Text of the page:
A. Second book in The Junction Chronicles: A Murder of Crows is complete and with the publisher. Two other books (a sub series) called Seth’s Dream are also pretty much completed.

Tuesday Teaser: The Drop by Michael Connelly

Tuesday Teasers is hosted by Should Be Reading. The rules are as follows:

Grab your current read and let the book fall open to a random page. Share two sentences from somewhere on that page and the title of the book that you’re getting the teaser from. Please avoid spoilers! Read the official Tuesday Teaser Rules.

My teaser this week is from Michael Connelly's The Drop. From page 62:

There were no other customers about, so Bosch took the bottle of salsa with him back to the car. He knew that when it came to truck tacos it was all about the salsa.

Mailbox Monday January 16, 2012

In January Mailbox Monday is being hosted by At Home With Books.

Last week I received White Horse by Alex Adams. The description of this book reads:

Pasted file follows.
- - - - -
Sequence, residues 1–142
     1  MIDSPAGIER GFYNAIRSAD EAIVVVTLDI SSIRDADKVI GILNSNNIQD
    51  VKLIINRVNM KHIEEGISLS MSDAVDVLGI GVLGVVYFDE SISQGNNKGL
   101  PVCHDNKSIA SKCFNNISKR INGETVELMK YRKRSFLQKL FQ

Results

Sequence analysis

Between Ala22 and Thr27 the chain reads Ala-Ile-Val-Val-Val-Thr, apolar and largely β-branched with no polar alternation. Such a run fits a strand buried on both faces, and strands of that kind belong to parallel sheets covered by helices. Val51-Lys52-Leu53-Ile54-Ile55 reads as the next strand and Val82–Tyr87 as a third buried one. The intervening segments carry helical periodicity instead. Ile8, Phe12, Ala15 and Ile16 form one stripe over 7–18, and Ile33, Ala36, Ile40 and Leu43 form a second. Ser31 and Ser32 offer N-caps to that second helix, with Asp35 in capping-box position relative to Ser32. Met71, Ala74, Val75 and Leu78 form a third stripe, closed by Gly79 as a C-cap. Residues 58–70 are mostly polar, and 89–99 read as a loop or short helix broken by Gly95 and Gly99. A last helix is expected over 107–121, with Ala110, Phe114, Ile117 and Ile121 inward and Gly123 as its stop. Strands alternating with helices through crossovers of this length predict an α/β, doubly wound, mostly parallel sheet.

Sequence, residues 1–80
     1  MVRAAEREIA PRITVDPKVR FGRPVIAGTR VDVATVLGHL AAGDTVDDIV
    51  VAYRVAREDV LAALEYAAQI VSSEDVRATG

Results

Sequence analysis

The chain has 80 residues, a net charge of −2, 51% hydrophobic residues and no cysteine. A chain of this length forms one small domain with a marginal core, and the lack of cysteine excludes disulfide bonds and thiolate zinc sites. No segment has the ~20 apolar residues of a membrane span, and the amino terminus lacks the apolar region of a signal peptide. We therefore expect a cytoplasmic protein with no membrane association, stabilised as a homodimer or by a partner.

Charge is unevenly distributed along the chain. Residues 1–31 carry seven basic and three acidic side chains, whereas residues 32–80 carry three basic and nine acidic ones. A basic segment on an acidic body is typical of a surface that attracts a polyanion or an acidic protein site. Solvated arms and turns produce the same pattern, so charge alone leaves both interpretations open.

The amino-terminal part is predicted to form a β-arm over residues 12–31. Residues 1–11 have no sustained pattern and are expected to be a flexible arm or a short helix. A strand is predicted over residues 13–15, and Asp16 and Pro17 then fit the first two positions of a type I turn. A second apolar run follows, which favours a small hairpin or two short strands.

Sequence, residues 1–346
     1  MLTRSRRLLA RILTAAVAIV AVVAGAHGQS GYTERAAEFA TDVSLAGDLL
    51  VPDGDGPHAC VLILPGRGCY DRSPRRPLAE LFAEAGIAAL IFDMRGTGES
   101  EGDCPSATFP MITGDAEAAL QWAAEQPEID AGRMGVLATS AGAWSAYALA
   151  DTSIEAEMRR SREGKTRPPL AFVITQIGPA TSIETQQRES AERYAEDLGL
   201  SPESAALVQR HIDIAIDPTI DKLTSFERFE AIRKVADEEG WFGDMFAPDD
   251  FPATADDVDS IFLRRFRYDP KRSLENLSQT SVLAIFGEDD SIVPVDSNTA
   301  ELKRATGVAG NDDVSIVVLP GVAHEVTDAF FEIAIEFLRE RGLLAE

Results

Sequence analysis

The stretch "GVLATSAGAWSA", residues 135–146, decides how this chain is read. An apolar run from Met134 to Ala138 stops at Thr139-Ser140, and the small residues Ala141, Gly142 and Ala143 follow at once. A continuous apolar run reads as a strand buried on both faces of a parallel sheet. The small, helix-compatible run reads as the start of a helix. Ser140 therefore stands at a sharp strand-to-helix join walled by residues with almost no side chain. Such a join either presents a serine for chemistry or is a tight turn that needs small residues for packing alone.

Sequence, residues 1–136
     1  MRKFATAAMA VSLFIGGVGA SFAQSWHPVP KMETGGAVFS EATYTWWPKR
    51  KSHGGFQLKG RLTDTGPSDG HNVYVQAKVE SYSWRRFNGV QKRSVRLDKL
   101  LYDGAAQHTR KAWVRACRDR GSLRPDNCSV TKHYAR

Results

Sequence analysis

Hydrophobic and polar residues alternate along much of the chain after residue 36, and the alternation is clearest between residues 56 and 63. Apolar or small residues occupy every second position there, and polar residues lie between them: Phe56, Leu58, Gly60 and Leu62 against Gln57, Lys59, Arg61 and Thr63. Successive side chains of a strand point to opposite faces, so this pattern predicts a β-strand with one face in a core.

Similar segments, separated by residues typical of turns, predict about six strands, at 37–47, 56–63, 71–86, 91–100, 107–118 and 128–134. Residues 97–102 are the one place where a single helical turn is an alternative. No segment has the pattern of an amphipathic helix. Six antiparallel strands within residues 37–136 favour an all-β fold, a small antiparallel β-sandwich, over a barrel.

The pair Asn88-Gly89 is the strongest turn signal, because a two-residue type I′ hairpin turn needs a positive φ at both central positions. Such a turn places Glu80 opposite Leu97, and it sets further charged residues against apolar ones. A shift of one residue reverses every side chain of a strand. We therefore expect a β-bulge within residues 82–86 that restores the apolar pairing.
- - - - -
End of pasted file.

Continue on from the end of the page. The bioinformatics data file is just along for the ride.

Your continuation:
Thirty-year-old Zoe leads an ordinary life until the end of the world arrives. She is cleaning cages and floors at Pope Pharmaceuticals when the President of the United States announces that human beings are no longer a viable species. When Zoe realizes that everyone she loves is disappearing, she starts running. Scared and alone in a shockingly changed world, she embarks on a remarkable journey of survival and redemption. Along the way, Zoe comes to see that humans are defined not by their genetic code, but rather by their actions and choices. White Horse offers hope for a broken world, where love can lead to the most unexpected places.

Tuesday Teaser: A Discovery of Witches by Deborah Harkness

Tuesday Teasers is hosted by Should Be Reading. The rules are as follows:

Grab your current read and let the book fall open to a random page. Share two sentences from somewhere on that page and the title of the book that you’re getting the teaser from. Please avoid spoilers! Read the official Tuesday Teaser Rules.

From page 150: